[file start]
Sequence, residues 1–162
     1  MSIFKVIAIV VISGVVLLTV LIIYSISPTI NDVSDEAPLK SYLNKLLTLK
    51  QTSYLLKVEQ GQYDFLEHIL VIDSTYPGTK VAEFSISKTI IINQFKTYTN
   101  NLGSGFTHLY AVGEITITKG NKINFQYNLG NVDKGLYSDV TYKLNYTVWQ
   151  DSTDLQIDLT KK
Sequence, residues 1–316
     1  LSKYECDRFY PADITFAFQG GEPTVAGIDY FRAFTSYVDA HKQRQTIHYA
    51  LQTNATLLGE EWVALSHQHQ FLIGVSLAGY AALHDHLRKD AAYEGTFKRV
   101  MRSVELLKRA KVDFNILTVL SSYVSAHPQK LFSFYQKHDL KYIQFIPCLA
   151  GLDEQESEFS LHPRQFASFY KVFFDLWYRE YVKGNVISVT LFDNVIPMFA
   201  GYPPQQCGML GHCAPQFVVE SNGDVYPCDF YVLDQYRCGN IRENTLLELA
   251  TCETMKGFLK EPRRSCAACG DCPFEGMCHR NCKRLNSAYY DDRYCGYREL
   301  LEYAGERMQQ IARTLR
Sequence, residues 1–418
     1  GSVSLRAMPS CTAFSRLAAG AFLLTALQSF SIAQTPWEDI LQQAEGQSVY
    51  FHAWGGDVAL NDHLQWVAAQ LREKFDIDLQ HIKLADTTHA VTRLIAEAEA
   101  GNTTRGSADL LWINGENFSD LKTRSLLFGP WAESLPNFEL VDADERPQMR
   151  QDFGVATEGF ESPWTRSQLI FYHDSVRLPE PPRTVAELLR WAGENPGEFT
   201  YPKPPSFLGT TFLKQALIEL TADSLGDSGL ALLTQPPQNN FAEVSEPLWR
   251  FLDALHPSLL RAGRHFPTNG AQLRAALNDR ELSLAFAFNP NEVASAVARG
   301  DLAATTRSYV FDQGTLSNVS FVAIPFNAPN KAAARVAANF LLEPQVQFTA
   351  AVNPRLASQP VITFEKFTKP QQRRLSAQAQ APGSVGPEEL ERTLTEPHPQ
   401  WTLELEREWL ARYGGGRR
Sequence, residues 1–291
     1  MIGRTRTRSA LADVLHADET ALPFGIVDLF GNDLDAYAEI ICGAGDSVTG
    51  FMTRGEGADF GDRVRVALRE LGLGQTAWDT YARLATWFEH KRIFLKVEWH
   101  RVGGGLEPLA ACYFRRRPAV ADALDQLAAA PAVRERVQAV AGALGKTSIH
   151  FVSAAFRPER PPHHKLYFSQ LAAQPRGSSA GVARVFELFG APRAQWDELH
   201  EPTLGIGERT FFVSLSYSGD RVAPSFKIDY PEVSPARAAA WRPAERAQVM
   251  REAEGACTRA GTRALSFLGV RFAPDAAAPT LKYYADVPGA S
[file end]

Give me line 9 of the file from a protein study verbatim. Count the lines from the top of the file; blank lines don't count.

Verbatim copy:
   101  MRSVELLKRA KVDFNILTVL SSYVSAHPQK LFSFYQKHDL KYIQFIPCLA